by Jason Wheeler
The preschool in the village where we are holding the Reading Camp, has a playground in disrepair. And by “disrepair” I mean that all of the supports for the swing set and climbing slide have split, broken completely, or otherwise have become unsafe to play on. One of our goals for this trip was for Bruce, Ronnie and me to repair the playground.
After a lot of hard work originally performed
by the GMH team a few years ago to install a new playground, the swing set had to be demolished last year as it was already breaking apart and creating a safety hazard. The problem stems from faulty plastic used in the construction of the equipment. The company who manufactured and sold the playground freely admitted that they provided bad materials, and agreed to send replacement supports for the swings and climbing slide to Maryland. GMH shipped them to Ghana.
Our main goal was to rebuild the swing set which required a number of steps. First, we had to remove the ten concrete slabs that were used to anchor the original swing set. We thought this would be the hardest part of our week, but with the help of three men from the village, we were able to remove the old concrete in an hour or two.
The next step was to assemble the new supports using the old brackets and screws. This should have been the easiest step to knock-out, but as the saying goes: “TIA” or “This is Africa”. It seems the company that sent the replacement pieces did not drill the holes in the right place to fit the existing brackets. So for the remainder of the first day and into the next morning, the supports (which are made of a very dense extruded plastic material) had to be chiseled and shaved down on the ends in order for brackets to line up with the holes. Not an easy task when you don’t have the proper tools. We also determined that some of the bolts necessary to attach the old brackets to the supports had grown legs and walked away over the course of the past year since the team was here last. So we had to locate replacement bolts and nuts in the small market towns. Fortunately, we came up with what was needed, and the supports went in the ground on Tuesday along with an extra large helping of concrete (mixed by hand by the village’s mason).
The last major step was to replace the steel pipes on either end of the swing set that stabilize the supports. Another local gentleman was dispatched to the shops of Accra to locate the right size and length of pipe that we would need. Unfortunately, exact replacements could not be located, but he did find material that could work. However, it would require drilling a number of holes through sections of galvanized steel…without any power tools.
To most, including me, the task of hand-drilling through steel would be a game changer, but Bruce doesn’t even flinch at the idea. Amongst the many tool boxes shipped to Ghana last year from the South Riding Church Men’s Group, we located an olde-timey hand crank drill and a bunch of drill bits. With a bit of cooking oil from the small preschool kitchen, Bruce lubed the drill and bits, and started cranking away. When the hand-drill wasn’t working fast or effective enough, Bruce simply took the drill bit, clamped it with vice-grips, and “drilled” out holes with his bare hands. It was an impressive sight. He managed to hand drill holes through 4 sections of steel pipe. Then it was just a matter of bolting on these stabilizers and setting them in more concrete.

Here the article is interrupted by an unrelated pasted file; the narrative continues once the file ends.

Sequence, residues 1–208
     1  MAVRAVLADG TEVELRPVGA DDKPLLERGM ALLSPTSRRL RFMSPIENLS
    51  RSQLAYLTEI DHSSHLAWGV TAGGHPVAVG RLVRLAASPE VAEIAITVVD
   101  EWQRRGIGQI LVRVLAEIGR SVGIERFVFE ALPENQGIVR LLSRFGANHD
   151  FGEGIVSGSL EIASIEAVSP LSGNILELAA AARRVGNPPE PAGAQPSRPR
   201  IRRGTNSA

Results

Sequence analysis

By Thursday afternoon, the swing set was 90% complete. On Friday, once the concrete has cured enough, we intend to hang the swings, and stand back to admire the handiwork while the children rush the playground and jockey for a turn on the swings.
Sadly, we got to witness firsthand the dangers that the original faulty material posed when one of the supports for the slide broke-off and hit a little girl on the head. Fortunately she is alright, but the incident pointed out that we will have to try and repair the slide next with only one day left to go. We originally hoped that the slide was going to hold up and not require a significant overhaul. But we can’t leave it in the condition it is in for fear of someone getting severely injured. So we will redouble our efforts to get it done in the few hours we have left tomorrow.
Over the course of the week working on the swing project, we encountered challenge after challenge, and yet we are getting it all done, and with some time to spare. Like they say, “where there is a will, there is a way.” Thankfully, it has been God’s will, and we are doing it His way.
4 responses to “16 Bolts, 8 yards of concrete and a lot of sweat!”
Over and over I am amazed at how God has put just the right people with just the right talents and perseverance together on this team, His team!
Yes, and it has been a pure joy to serve with this team. Every one of them.
What a great story and testimony. Miracles never cease do they. Blessings to the whole team.
I remember the demolition of this a year ago. What a job! Nothing was easy ! I am very impressed your team and villagers got this far. And special hurray to Bruce god put him on this team for a good reason. Hope these new materials hold up. Doing this a third time would be asking too much. Well done